“For a while I assumed that whatever was best for Rookie was best for me, because for a while my first priority was this project I loved and love,” Ms. Gevinson said. “But those are two separate things.”

Ms. Gevinson developed an initial following through a fashion blog she created at age 11 called Style Rookie, which ultimately caught the attention of the fashion industry. Within three years of her first post, Ms. Gevinson was sitting front-row at fashion shows next to Anna Wintour. Rookie, the online magazine, was launched a few years later to showcase work by Ms. Gevinson and other teenage girls on other topics, including friendship, love and mental health.

“Rookie is for the teen girl that wants to be taken seriously but is also excited to be a teen girl,” said Ugochi Egonu, 19, who discovered Rookie in eighth grade and later became a contributor. Now a sophomore at New York University, Ms. Egonu said that making her work public and getting positive feedback — against common wisdom, the site’s editors encouraged contributors to read the comments so they could interact with readers — gave Ms. Egonu the confidence to pursuing writing as a career.

“To be 17 and have people actually listen to the way that you’re writing and take you seriously was super huge for me,” she said.

“I think that’s what made me, and everyone else, successful,” Ms. Collins, the photographer, said. “We were able to — not that it was always easy to take criticism — but it was something that people, especially young girls, really respected and admired because we were listening to our audience. It built a bigger base for me.”

Ms. Collins’s photography, which evokes nostalgia for the dreamlike aspects of girlhood, matured during the years she published on Rookie. She has since shot major advertising campaigns and editorial spreads for fashion magazines, and directed music videos for pop stars like Cardi B, Selena Gomez and Lil Yachty.

Lauren Redding, Rookie’s 34-year-old publisher said that one of Rookie’s tenets was to cultivate young contributors by treating them as if they were professionals, but not stripping them of what make them teenagers.

“I wanted a place for young writers that didn’t have to feel like suddenly you’re submitting your work to a really hard fiction contest, or you have to be a capital-W writer to send work in,” Ms. Gevinson said.

Some of the teenage girls in Rookie’s orbit met their best friends through the publication, at live Rookie events — like the one Ms. Santos attended — as well as smaller meet-ups and Rookie book clubs.

“Young people so desperately needed to see themselves in the media that they were consuming,” Ms. Redding said. “Out of that spun this great desire for connection beyond the digital space.”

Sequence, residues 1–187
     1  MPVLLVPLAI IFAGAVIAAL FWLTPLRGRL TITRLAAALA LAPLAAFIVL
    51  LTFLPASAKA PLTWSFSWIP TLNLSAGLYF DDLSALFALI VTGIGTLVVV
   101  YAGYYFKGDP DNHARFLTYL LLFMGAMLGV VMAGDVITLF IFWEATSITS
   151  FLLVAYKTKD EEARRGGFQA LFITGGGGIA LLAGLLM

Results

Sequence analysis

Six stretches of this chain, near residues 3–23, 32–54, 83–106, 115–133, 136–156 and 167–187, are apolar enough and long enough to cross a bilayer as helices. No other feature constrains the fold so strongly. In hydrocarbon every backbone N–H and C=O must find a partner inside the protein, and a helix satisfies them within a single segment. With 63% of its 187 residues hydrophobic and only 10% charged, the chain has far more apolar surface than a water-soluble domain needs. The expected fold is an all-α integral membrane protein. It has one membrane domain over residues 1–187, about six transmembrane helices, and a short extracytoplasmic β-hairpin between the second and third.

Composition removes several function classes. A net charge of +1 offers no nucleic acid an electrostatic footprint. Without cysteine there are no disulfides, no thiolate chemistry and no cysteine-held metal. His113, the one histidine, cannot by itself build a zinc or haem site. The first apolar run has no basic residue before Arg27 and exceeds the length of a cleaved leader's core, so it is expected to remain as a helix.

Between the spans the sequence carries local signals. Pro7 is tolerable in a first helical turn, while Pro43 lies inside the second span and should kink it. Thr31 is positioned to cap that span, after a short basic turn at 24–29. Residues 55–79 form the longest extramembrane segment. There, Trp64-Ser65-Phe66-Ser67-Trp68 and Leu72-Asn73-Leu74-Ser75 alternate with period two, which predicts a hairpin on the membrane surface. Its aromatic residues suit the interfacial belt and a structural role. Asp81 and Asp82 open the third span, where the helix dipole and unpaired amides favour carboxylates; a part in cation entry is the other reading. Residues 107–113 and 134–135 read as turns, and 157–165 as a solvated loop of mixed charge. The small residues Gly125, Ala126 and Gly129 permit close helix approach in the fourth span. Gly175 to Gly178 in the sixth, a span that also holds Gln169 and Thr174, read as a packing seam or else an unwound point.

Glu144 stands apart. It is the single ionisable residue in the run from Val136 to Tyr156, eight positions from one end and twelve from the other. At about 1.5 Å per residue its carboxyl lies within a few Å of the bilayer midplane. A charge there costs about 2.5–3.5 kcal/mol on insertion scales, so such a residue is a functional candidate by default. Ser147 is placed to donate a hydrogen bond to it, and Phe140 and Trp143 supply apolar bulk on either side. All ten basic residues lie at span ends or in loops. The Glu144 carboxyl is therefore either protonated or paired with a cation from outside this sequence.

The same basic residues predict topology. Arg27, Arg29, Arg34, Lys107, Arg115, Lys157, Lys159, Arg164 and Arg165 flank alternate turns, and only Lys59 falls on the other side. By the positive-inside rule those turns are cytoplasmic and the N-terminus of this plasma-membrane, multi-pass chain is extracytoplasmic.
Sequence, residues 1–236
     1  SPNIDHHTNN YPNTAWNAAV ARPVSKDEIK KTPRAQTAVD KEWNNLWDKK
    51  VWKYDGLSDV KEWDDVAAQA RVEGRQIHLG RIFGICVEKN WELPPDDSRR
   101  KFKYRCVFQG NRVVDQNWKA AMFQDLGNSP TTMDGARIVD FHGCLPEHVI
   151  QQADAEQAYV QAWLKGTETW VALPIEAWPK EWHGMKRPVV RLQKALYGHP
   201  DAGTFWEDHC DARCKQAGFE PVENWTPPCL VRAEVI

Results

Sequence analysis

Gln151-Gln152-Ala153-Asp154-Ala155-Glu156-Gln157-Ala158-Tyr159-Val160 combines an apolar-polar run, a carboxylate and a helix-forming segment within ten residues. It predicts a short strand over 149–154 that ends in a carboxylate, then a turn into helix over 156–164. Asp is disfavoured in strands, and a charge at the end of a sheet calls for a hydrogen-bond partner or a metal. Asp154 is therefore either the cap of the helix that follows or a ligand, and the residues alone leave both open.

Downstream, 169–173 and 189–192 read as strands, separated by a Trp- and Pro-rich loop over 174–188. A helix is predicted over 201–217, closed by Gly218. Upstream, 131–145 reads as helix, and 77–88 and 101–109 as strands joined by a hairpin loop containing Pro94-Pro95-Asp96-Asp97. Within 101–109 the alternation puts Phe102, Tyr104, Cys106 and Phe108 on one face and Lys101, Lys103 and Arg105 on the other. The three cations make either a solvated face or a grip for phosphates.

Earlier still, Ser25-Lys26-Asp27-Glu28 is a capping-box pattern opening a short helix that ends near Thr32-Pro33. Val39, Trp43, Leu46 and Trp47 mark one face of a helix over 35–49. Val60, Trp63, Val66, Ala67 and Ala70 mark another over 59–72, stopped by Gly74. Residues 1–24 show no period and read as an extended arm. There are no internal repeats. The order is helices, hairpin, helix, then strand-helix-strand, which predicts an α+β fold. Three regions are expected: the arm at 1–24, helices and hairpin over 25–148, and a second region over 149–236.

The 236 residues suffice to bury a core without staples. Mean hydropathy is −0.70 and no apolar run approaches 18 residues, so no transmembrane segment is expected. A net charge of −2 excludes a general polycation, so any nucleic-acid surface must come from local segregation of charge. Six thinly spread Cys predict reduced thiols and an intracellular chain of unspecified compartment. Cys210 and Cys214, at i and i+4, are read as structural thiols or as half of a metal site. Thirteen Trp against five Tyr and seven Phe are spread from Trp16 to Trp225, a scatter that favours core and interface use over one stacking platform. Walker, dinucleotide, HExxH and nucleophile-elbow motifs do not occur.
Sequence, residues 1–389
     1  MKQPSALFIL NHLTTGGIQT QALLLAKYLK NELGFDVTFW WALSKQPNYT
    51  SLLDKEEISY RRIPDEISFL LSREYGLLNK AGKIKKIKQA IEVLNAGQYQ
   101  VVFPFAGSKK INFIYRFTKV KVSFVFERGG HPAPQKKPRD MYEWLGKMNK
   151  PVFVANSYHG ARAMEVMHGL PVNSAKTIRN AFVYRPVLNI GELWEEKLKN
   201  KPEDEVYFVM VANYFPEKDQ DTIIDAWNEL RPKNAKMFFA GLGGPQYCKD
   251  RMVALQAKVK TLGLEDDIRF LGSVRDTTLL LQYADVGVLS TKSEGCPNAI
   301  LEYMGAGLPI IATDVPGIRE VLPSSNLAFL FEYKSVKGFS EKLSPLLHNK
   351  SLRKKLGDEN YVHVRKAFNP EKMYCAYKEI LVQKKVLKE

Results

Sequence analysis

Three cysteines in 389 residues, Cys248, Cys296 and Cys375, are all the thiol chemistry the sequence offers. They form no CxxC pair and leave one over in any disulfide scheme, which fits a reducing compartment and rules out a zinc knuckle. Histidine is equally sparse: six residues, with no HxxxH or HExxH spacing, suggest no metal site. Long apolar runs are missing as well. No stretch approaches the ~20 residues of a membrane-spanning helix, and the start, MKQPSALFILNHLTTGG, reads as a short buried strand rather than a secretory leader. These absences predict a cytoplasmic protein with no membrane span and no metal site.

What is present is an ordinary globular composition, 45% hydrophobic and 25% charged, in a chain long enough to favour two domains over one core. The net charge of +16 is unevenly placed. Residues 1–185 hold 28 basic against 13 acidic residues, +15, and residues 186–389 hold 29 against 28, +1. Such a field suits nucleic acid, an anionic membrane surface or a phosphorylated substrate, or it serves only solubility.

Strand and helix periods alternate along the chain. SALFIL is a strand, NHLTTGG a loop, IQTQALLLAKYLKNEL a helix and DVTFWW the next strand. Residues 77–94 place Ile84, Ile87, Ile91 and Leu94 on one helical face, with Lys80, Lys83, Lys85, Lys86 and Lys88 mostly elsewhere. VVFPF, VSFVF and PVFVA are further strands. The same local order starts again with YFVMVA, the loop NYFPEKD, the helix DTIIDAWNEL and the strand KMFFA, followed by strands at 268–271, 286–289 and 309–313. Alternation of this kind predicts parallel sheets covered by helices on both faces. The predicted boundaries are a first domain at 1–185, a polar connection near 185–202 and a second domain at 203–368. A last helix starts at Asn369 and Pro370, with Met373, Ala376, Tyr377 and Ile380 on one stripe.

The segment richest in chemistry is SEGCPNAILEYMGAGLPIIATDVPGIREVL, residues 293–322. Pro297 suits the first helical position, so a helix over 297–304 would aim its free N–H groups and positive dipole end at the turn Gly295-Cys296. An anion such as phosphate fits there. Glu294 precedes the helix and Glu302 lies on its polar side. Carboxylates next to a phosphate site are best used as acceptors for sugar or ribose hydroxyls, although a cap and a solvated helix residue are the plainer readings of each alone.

And that ethos has spread.

“I think a lot of Teen Vogue’s pivot to activism and feminism, and all those things, were 100 percent influenced by Rookie,” said Laia Garcia, one of Rookie’s first contributors. She met Ms. Gevinson in 2008, when they were both running personal fashion blogs.

Ms. Garcia, 34, has since worked for a number of women’s interest publications as an editor, including Lenny, Lena Dunham and Jenni Konner’s now defunct newsletter and website, and No Man’s Land, a magazine published by the Wing, an exclusive women’s co-working space and social club. She believes that those projects, and the elevation of teenage voices generally, reflect the spirit of Rookie.

“There are so many young actresses now that feel they can be political,” Ms. Garcia, 34, said. “I think all of those things were put in place by Rookie.”

And so, Rookie has ended, but Ms. Gevinson and Ms. Redding feel that they have handed the torch to their one-time readers and contributors.

“It’s exciting for me to know that there’s a whole generation of young people that grew up with Rookie and were able to see it as an example of young people telling their own stories,” Ms. Redding said. “It’s now on them to figure out what that next media institution and project is.”

An earlier version of this article, using information from a source, misstated the year Laia Garcia met Tavi Gevinson. It was 2008, not 2006. Because of an editing error, the article also misstated Ms. Garcia's role at Rookie; she was a contributor, but she did not help Ms. Gevinson run the site.